As much as your credit score depends on long-term credit history, it loves new credit too. Applying for new credit once in awhile also gives your credit score a boost. Combine your application for new credit with diversifying your mix of credit and you can accomplish two goals at once.

Credit scores can seem complex at times but since they’re determined by a formula that means there’s a formula you can follow to help improve your credit score.

Before you make any changes, get your free credit report so you can see where your score stands today. Then start working on these five steps and you should see your credit score increase over time.

Can you think of additional ways to improve your credit score? Leave a comment!

This article was originally published May 16th, 2009.

Last updated by .

Kristie

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Kristie
Kristie Lorette is a personal finance writer who spent over eight years working in the real estate, mortgage and credit industries.

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Comments

9 Responses to Improve Your Credit Score in 5 Simple Steps

  • Doable Finance

    Items 3 and 5 may turn out to be detrimental to your financial health. Any time you open a new account, the lender checks your credit score. By default, just checking it will lower your credit score by at least 75 points.

    It is highly advised to have no more than 2 credit cards. The store card is very tempting because it might give you discount the first time you use it. But the store does not just give it to you. It checks your credit score and that automatically lowers your score by at least 75 points.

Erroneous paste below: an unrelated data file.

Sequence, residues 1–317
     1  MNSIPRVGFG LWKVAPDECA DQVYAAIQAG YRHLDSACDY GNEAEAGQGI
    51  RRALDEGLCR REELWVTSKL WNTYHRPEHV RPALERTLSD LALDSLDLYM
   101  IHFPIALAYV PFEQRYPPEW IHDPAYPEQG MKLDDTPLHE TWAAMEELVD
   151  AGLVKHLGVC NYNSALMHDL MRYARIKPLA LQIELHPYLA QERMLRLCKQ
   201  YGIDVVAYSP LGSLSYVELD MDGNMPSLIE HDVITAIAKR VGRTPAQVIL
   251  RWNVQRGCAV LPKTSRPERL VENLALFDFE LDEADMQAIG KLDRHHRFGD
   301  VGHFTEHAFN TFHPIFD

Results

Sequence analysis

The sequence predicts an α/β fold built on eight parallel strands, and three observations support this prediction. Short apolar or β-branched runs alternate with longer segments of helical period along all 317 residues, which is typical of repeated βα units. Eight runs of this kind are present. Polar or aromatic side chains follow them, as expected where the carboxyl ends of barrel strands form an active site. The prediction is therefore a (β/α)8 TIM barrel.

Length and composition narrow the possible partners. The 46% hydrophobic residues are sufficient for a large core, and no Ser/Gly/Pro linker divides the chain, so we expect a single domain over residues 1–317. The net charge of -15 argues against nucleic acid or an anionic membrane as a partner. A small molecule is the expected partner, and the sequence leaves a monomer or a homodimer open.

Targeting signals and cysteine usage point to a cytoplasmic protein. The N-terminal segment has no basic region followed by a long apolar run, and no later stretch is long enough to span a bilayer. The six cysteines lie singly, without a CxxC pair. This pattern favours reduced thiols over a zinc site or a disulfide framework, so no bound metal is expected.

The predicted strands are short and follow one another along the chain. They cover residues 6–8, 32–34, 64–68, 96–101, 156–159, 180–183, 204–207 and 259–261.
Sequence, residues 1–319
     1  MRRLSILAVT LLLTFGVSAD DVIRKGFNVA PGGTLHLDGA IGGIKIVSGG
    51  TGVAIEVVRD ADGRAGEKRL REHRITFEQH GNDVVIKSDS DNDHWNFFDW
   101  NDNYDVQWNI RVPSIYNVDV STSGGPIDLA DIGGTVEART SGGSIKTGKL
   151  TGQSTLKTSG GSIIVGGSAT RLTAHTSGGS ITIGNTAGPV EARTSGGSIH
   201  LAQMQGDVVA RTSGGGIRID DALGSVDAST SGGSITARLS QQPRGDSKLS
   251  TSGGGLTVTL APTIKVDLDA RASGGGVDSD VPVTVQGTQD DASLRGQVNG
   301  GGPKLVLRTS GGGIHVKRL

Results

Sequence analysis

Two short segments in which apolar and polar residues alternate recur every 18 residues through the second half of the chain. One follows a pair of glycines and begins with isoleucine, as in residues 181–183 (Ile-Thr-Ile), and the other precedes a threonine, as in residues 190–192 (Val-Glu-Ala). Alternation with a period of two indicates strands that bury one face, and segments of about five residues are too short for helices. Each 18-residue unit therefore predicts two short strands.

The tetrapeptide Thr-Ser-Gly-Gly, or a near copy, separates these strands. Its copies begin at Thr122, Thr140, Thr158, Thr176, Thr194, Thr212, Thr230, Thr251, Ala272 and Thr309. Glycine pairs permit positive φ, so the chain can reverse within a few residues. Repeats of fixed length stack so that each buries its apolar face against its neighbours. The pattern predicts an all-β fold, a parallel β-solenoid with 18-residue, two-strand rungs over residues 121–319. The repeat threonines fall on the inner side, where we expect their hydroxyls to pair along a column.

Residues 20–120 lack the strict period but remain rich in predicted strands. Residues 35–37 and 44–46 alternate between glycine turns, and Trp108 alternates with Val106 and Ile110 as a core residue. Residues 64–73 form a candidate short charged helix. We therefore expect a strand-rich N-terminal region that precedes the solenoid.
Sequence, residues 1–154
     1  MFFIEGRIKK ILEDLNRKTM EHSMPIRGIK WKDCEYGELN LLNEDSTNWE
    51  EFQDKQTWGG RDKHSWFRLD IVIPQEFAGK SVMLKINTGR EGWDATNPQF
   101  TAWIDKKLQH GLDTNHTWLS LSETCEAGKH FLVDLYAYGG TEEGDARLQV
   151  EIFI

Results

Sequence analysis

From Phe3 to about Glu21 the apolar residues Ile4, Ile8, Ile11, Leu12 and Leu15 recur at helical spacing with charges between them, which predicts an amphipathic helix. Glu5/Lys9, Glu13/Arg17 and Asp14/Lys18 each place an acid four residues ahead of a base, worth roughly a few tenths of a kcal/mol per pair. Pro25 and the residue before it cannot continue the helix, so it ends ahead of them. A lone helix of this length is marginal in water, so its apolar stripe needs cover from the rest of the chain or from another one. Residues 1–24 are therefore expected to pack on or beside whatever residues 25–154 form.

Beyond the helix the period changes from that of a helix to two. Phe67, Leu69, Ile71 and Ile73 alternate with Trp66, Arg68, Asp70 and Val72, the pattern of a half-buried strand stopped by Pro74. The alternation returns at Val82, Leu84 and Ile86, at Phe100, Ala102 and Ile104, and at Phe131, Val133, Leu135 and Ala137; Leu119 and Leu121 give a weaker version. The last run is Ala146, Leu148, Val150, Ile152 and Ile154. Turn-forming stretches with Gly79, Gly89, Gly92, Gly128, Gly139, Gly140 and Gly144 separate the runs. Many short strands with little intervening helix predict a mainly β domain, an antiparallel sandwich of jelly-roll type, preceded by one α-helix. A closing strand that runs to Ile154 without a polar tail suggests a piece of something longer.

Item 2 is also objectionable. If you have a credit card and you don’t use it for longer period of time, that hurts your credit score as well. By how much? Depends on how you have previously used it.

    It takes time to improve your credit score. Follow the basic mantra of “Spend less than you make” and you will be on the path of worry-free financial life. I said on the path of.

    Your credit gets ruined by being careless with your credit and it can happen in a shorter period of time. To improve it will take more than you can wait.

    I use two cards – MC and Amex. MC for shopping and AMEX for gas and travel.

  • deb

    I just wanted to know if it is possible for a collection agency to remove a debt from your credit report completely, once you have paid the debts owed?

    Thanks,

    Deb

  • Nick

    Wow! Some of these tips seem very counter intuitive. I never would have realized that getting more credit and more diverse credit are good things for your credit score. I am just learning about credit and i found another article that discusses the 5 ways to damage your credit score I thought that the contrast between the two articles was interesting. Thanks for the advice :)

  • Kristie

    Thank you for your response. I am a former mortgage and credit specialist for Merrill Lynch. During my six year career, I helped thousands of clients with the credit and debt side of their balance sheet. So to answer your question, yes, I have studied the formula and know a great deal about it.

    Obviously, you have not, so please let me know if you have any further questions or concerns,

  • bb

    Man, number 3 and 5 are stupid. Have you studied enough about the formula?